Director of Schools Matt Hixson told the BOE at their January meeting that he was advised against extending water utility lines from a nearby utility district to Clinch School after meeting with several water treatment professionals. The process would be costly, and the water wouldn’t even be fresh upon arrival at the school. Instead, the BOE will look into a different in-house water system.
At the December BOE meeting, the board heard a proposal from Mattern and Craig for a new water filtration system that would replace Clinch School’s malfunctioning well.
Hawkins Co. Energy Specialist Brandon Williams told the BOE in December that there have been problems with the Clinch well for quite a while, and most of them stem from an electricity issue and the control system that operates the well.
Clinch is also the only school in the entire county that uses a well rather than public water.
Before agreeing to spend between $275,000 and $412,000 for one of the filtration system options suggested by Mattern and Craig, the BOE voted in December to have Hixson explore bringing public water access from nearby Sneedville to the school.
Board member Bob Larkins noted at the December meeting that the BOE met with the Appalachian Regional Commission and the Sneedville Water District around two years ago to look into bringing public water from Sneedville to Clinch School and the surrounding areas.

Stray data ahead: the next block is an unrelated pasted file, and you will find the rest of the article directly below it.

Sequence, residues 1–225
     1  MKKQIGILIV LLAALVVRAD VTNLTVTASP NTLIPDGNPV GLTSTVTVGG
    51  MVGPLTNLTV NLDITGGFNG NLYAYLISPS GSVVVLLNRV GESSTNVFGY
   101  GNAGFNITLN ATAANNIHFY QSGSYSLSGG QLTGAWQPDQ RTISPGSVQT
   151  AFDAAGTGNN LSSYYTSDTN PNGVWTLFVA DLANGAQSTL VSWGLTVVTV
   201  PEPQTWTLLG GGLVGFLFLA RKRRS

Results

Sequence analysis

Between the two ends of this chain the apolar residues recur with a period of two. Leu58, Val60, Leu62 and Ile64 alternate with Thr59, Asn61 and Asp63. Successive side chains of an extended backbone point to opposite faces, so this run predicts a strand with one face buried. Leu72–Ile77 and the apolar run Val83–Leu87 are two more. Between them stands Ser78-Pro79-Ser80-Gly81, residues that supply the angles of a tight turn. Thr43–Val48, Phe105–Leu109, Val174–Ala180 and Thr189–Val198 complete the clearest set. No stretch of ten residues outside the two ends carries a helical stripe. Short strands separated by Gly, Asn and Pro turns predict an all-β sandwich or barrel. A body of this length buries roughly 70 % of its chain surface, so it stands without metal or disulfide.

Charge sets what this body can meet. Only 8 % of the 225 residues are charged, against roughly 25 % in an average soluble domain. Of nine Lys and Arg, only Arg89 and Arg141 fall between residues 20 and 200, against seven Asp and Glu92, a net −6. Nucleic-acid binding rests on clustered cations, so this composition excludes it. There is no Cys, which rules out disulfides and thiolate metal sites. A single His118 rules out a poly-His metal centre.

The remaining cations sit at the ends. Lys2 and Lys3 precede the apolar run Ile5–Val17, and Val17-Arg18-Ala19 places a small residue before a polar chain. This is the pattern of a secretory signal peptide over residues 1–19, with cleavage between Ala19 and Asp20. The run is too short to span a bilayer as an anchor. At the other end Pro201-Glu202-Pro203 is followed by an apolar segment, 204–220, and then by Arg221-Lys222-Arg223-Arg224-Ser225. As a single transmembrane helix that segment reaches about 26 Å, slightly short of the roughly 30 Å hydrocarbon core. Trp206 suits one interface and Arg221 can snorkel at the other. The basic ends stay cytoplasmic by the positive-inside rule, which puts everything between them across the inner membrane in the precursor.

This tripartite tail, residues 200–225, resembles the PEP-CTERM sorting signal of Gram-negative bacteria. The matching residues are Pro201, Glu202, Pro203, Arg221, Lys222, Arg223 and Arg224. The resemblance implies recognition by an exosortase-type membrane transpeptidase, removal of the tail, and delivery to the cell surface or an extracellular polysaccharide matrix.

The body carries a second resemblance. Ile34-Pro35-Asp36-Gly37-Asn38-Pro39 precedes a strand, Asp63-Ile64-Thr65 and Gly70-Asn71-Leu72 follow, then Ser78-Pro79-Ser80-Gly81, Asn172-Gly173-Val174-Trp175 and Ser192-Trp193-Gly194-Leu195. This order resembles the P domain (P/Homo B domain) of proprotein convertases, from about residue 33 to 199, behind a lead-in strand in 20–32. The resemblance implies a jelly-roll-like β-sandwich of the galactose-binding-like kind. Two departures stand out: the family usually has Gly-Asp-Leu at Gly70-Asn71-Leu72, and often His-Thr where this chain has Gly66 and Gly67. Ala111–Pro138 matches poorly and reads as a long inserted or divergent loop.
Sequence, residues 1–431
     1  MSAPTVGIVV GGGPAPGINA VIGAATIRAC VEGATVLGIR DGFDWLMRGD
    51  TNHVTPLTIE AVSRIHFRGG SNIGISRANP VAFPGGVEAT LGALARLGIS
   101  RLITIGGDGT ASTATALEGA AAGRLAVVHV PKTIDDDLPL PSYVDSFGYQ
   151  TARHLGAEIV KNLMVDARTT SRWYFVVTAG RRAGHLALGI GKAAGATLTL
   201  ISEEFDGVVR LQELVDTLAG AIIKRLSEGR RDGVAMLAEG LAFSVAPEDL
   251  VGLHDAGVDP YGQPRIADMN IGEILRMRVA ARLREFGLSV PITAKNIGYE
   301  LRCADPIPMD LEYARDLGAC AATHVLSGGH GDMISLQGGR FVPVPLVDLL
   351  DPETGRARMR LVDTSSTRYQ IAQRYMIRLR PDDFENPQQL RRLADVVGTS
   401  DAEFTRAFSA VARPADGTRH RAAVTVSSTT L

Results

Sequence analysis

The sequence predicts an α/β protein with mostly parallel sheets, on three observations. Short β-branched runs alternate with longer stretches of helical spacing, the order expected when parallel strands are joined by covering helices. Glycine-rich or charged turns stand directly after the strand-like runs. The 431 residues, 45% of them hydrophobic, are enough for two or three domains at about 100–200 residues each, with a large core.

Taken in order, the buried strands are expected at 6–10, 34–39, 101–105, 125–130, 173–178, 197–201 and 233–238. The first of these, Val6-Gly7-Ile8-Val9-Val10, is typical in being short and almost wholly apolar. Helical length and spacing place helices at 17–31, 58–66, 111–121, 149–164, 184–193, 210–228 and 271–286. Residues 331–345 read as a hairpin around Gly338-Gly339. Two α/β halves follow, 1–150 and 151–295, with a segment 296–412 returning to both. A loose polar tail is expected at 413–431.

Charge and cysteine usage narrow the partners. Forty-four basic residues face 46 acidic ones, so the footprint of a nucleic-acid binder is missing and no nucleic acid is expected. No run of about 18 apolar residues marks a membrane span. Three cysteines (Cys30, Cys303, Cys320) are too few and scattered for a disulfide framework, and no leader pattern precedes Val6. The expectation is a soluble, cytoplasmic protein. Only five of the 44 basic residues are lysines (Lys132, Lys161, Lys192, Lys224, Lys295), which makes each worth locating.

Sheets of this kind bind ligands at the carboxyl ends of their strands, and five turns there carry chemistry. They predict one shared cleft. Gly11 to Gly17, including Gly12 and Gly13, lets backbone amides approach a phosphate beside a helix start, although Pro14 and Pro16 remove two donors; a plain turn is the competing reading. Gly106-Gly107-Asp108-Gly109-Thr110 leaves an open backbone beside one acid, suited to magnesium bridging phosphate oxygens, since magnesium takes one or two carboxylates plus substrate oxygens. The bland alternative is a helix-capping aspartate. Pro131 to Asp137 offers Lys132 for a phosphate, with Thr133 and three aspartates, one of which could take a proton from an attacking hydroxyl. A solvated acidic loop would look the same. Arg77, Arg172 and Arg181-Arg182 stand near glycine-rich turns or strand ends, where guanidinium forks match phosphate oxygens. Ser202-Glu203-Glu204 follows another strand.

Clinch School is roughly six miles away from the Sneedville Water District, and, according to Larkins, the District was interested in providing water to the school at the time. However, it would cost roughly $6 million to run the water line to the school.
Both Larkins and Chairman Chris Christian suggested that Hixson look into the possibility of the new water line and approach the County Commission to ask for a financial partnership in the project.
However, Hixson explained at the January meeting that there are quite a few downsides to this option.
Hixson met with Lakeview Utility District manager Tim Carwile, along with several of Carwile’s board members, his engineer, several of his employees and Sneedville water district members.
Carwile and his consultants explained that this project could range in cost from $2 million to $4 million “due to the terrain,” as Hixson said.
“The water would probably be significantly old before we were able to draw from it if you consider where it was being drawn from and then time spent in that pipe before it gets to Clinch School,” Hixson added. “That is quite the time period.”
He went on to explain that the water would then likely have to treated and re-tested at the school to ensure it was safe to drink.
“His (Carwile’s) opinion was to encourage me to reach out to another individual that has a water treatment system that probably would work for Clinch and save a significant amount of money.”
Hixson plans to meet with this individual to look into this in-house water treatment option and invited any interested board members to accompany him.